Neutrons & Xrays

TASP Neutron Spectrometer, PSI Switzerland

TASP, the triple-axis spectrometer with cold neutrons, located at the end of the 1RNR14 neutron guide of the SINQ spallation source. TASP is operated as a collaboration between the Laboratory for Neutron Scattering (LNS) of PSI and the group of Prof. Henrik M. Rønnow; the Laboratory for Quantum Magnetism (LQM) of École Polytechnique Fedérale de Lausanne (EPFL).

TASP provides incident neutrons with a wide range of wavevectors and allows for large momentum transfers. It offers the option of polarised neutron experiments with either longitudinal or XYZ polarization analysis and neutron spherical polarimetry. For these experiments TASP has the option of a Mu-metal Polarization Analysis Device, MuPAD. A broad range of problems in condensed matter can be explored with TASP, such as the study of magnetic and structural phase transitions and their associated fluctuations, superlattice reflections and critical exponents. It is well suited for the study of low-energy collective excitations with high energy and momentum resolution and due to the very high sensitivity of the polarized neutrons techniques, it is an excellent tool to investigate complex magnetic structures. In addition, using diffuse scattering at TASP one can investigate various effects of disorder. TASP employs standard SINQ sample environments allowing for measurements in wide ranges of temperature, magnetic field and pressure.

CAMEA-PSI Neutron Spectrometer at PSI, Switzerland

As joint venture with the Laboratory for Neutron Scattering of Prof. C. Rüegg at PSI, construction of the new spectrometer CAMEA (Continuous Angle Multiple Energy Analyzer) has started, which will be installed as option at the current RITA-2 instrument at SINQ at PSI. This new spectrometer will be particularly suited for parametric studies under extreme conditions requiring restrictive sample environments such as high magnetic field magnets or pressure cells, and for experiments on small samples of novel materials. The novelty of the CAMEA design is that it employs a series of several upward-scattering analyzer arcs.  This design allows each analyzer to collect neutrons over different energy ranges and a large solid angle that are measured simultaneously by position sensitive detectors. In a single data acquisition an entire constant-energy line in the horizontal scattering plane is recorded for a quasi-continuous angular coverage with tremendous gains in data collection rates. The project is financed by the R’Equip program of the Swiss National Science Foundation, PSI and EPF Lausanne.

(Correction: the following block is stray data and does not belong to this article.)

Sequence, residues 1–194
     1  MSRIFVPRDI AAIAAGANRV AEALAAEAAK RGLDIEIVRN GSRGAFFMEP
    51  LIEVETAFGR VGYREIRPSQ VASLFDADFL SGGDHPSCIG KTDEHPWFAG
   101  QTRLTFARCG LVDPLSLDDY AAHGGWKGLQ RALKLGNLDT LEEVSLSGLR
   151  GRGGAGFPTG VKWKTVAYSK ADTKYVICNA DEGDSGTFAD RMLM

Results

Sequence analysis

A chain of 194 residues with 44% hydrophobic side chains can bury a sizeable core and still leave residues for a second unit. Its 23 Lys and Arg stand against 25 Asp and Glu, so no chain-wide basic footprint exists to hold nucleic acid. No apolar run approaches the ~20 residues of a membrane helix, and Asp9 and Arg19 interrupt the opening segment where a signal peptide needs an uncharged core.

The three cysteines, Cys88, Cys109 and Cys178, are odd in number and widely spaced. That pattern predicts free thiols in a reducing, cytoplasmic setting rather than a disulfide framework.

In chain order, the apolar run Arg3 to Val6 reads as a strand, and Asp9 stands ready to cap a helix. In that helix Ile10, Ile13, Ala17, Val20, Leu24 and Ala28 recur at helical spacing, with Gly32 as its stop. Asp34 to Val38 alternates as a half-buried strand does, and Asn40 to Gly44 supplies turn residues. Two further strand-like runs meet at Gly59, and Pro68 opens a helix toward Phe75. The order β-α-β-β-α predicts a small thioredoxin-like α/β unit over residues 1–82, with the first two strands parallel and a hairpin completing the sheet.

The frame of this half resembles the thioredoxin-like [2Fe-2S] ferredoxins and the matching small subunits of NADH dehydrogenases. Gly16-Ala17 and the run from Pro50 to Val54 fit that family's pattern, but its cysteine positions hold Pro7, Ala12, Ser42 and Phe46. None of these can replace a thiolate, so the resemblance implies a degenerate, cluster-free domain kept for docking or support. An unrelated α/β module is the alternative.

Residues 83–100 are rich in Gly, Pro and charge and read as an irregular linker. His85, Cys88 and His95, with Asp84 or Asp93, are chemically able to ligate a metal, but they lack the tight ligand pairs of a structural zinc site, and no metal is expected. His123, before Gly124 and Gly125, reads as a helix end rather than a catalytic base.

CAMEA-ESS Neutron Spectrometer at ESS Sweden

The 5 MW European Spallation Source (ESS) will be Europe’s next neutrons source, and there is currently a selection process underway for the 22 neutron instruments to be built. We are working on CAMEA a Swiss-Danish instrument project for the ESS, and wish to carry out a simple short survey (bold sections) of potential users for performing inelastic neutron scattering. A brief outline of the instrument is provided below.

CAMEA, the Continuous Angle Multi-Energy Analysis spectrometer, is an indirect geometry time-of-flight spectrometer that is designed to maximize the count rate within the horizontal plane for rapid mapping of excitations. The instrument uses concentric arcs of analysers sat behind each other to analyse the neutrons scattered off the sample to different final neutron energies, with the analysers scattering the neutrons vertically.  The instrument is optimized for cold neutron spectroscopy with an energy resolution that matches the energy resolution of cold triple axis spectrometers, but CAMEA will have an extended energy range to 60 meV energy transfer.
Large neutron count rates are achieved on CAMEA by using the full 5 MW pulse width, using a wide band of incident neutron energies, and the large solid angle coverage of each individual analyser, while the use of collimation with a well-defined neutron flight path achieves a low background count rate. The scattering geometry of CAMEA matches the restricted geometry of extreme environments including large split coil magnets and Paris-Edinburgh type pressure cells, and a small sample option will be included for the studies in nominal and extreme environments.
If you wish to know more about CAMEA, or want to provide us with your feedback, please feel free to contact us.

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